Dr. Melissa Meehan: No vet likes to tell an owner that their beloved furr kid is carrying too much weight. But when you consider that over 30% of Australian pets are either overweight or obese - awkward conversations about the subject are becoming common place.
Overweight pets are unhealthy pets - their at increased risk of joint disease, heart disease, pancreatitis, diabetes just to name a few. Now these things not only reduce the quality of a pets life but they’re also very costly for the owner to treat and maintain. Obesity affects just about every health problem in pets and a lot of owners don’t realise this.
Just like us pets gain weight when there is an imbalance between calorie input and calorie output, but why does the imbalance exist? Well for one we’re a lot busier these days, we’ve got a lot of responsibilities and a lot of things to do and taking a dog for a walk becomes a lower priority. Also we are keeping our dogs and cats indoors more these days. Now that’s a good thing for cats but it can lead to a decrease in incidental exercise.
When it comes to dogs and children we all know where they tend to sit - underneath the high chair or under the table waiting for that morsel of food from a tiny hand. I know that’s really hard to avoid as is pleading eyes... but what you need to remember is what might seem like a treat for us could be the calorie equivalent of an entire meal for them! For example this cookie here which Hudson is focused on is the equivalent of an entire hamburger for me and for a cat this piece of cheddar cheese is the equivalent of two hamburgers. This full cream milk here is equivalent of three hamburgers, so you can see why obesity is just so common.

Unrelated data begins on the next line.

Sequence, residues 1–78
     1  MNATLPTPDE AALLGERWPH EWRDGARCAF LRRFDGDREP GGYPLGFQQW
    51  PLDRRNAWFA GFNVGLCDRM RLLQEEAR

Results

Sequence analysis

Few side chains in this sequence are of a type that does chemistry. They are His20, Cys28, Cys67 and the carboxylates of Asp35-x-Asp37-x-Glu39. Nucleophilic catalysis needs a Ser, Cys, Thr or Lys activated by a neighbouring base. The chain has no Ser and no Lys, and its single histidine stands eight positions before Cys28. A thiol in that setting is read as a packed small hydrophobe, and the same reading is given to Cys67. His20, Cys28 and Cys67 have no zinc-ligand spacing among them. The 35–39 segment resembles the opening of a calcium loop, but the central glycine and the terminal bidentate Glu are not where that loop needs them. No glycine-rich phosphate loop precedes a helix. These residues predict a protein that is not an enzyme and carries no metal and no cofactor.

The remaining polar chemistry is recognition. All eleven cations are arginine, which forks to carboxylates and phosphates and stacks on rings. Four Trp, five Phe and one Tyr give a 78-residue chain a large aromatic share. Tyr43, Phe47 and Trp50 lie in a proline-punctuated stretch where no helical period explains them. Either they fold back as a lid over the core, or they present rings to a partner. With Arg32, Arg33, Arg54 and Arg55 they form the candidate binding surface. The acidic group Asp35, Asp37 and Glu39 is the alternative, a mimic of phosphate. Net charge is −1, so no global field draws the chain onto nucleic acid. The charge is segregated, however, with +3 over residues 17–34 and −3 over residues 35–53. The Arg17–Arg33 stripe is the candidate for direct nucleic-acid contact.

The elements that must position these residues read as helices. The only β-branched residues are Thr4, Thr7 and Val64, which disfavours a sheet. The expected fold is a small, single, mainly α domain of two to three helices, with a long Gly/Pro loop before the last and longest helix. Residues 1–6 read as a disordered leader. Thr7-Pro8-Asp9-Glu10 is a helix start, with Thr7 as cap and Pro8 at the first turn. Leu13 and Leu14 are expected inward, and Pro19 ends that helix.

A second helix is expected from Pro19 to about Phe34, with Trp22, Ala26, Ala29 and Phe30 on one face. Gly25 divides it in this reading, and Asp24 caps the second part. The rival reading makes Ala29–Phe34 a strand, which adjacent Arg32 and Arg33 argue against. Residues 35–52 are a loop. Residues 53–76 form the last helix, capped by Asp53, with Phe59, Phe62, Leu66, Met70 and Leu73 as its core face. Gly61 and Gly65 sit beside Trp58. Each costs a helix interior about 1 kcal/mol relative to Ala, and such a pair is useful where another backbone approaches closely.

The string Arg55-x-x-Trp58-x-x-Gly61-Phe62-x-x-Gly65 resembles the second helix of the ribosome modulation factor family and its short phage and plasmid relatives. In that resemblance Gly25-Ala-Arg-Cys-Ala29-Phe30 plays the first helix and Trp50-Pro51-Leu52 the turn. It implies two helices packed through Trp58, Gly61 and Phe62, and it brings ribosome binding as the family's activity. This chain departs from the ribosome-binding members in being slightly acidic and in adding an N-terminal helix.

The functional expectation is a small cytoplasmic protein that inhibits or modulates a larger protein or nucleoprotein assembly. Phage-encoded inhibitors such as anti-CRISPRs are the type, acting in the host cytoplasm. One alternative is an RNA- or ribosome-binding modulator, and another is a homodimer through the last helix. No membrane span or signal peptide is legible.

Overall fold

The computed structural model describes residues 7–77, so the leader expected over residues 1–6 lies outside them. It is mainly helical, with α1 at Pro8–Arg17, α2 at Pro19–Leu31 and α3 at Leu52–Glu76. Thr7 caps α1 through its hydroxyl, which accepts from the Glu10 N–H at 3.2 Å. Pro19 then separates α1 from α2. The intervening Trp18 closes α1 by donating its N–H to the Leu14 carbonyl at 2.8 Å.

Your vet is the best person to assess your pets weight. The reason being that there’s so much variability among breeds and what’s acceptable in terms of weight ranges. So what we do is we use a body condition score as well as their actual weight to assess them.
Let's have a look at you Hudson… if you would stay still. Well his ribs are quite palpable and he’s got a nice little waist and his abdominal fat is pretty much non-existent. There’s still a little bit there but compared to last season he’s looking pretty trim. So Hudson i’d reckon I’d be happy to say you’re a 5 out 9. Where 5 is actually ideal! 9 is obese and 1 is severely underweight, so you’re doing well!
If your pet is diagnosed as being overweight your vet will put together a detailed weight loss plan - to ensure they can reach their ideal weight in the appropriate time. You need to make sure weight loss is controlled and slow and most clinics are very happy to support you through the process with weekly weigh-ins and nurse follow ups.
As always prevention is far better than the cure. So to keep your pet happy and healthy speak to your vet! And to find out more about how Hif’s pet insurance can help you cover your pet for any unexpected illnesses check out their website!